We starting off alternating between running and hiking and making decent time, catching up on life, laughing about my decision to never run again and talking about how are lives have been going over last year since we spent a full night running the same course a year prior.
Starting off this section it seemed like I was going to be able to run/walk it in, but within the first 10 miles we realized I could not run even a step without my right knee hurting, so Maria, thinking much more clearly at this point, decided we should just hike the rest of the distance (22 miles) so that I don't risk the knee injury getting worse and causing me not to be able to finish. So that's what we did and let me tell you this was not an exciting prospect at the time. I remember some very quite miles after this decision was made, another mental low point for me. I just kept thinking how awful it sounded to have to walk up and down mountains for the next 7/8 hrs in the middle of the night to finish this damn race.
At one point Maria made me some makeshift trekking poles to take some of the weight off my knees so literally every step I was planting those poles and trying to take the weight off my knees to ease my pain. Walking down hill was the worse, I was trying everything, going down sideways to the left, sideways to the right, backwards seem to be the best, with Maria holding my arm so I didn't trip over anything behind/in front of me.
Maria knew I was in a salty mood and didn't want to make it worse so she did not risk really saying anything just to be safe. It makes me laugh now and we laughed about it after the race was over, but at the time it was absolute misery.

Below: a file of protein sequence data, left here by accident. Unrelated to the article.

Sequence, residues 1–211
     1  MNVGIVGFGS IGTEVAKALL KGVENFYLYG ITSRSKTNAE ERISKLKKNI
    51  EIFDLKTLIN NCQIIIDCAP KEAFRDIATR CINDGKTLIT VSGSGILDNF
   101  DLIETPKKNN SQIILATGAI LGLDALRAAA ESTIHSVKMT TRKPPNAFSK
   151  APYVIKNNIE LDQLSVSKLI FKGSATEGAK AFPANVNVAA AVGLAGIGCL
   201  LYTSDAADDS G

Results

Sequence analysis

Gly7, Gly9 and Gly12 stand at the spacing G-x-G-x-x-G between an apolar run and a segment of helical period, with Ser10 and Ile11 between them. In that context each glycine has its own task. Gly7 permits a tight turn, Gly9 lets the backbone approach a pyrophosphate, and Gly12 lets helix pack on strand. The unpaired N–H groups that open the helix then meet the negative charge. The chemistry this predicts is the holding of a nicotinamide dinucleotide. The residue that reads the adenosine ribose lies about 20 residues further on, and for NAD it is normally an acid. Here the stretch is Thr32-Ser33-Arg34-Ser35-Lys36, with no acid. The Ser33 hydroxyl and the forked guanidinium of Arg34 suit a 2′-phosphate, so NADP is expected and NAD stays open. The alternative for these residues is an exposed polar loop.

And as if things couldn't get worse it started pouring rain, you know like one of those summer storms. It was so intense I was sure it wouldn't last long, boy was I wrong. the intense rain lasted for like 2 hours, Maria and I were soaked to the bone and my teeth were starting to chatter. But instead of making things worse, it actually made me feel better, I mean it was at the point of complete absurdity at this point I just had to laugh. We both did and started talking again.
Luckily we both had a full change of clothes waiting for us with Miraim Weiskind (my absolutely amazing pacer who drove around all day and night meeting me at aid stations and give me food and whatever else I needed). So we met Miriam at the mile 88 aid station Bill's barn and changed our clothes, ate a little aid station food (bananas, peanut butter and jelly sandwiches, coffee) and put on trash bags over our new dry clothes and raincoats in hopes of avoiding hypothermia in the next 12 miles.
It pretty much rained all the way until about an hour before I finished, but dressed in my fancy trash bag poncho I was warm and relatively dry.
|I love this damn sign|
My mood was up and down for the last 12 miles which took about 4 hours to complete. I remember walking every step with more and more knee pain as the night went on. What I went through was absolutely ridiculous looking back on it, but I was determined to finish and this it what it took to get it done.
So in the end I was able to finish in 29:36:30, 249th place out of 256 finishers, terrible results no matter how you slice it, but honestly I have never been prouder of finishing anything in my life. The amount of grit it took to finish this thing before the 30 hour cut off with all the things that came up challenged me in a way life seldom does.
Honestly, I would have loved to finish this race in under 24 hours and tell you all about how my all my training and hard work paid off in the end, but that is not the story of this race.
The story of this race is how I fought long and hard and didn't give up no matter what, a lesson I will hopefully take into the rest of my life...
|This says it all|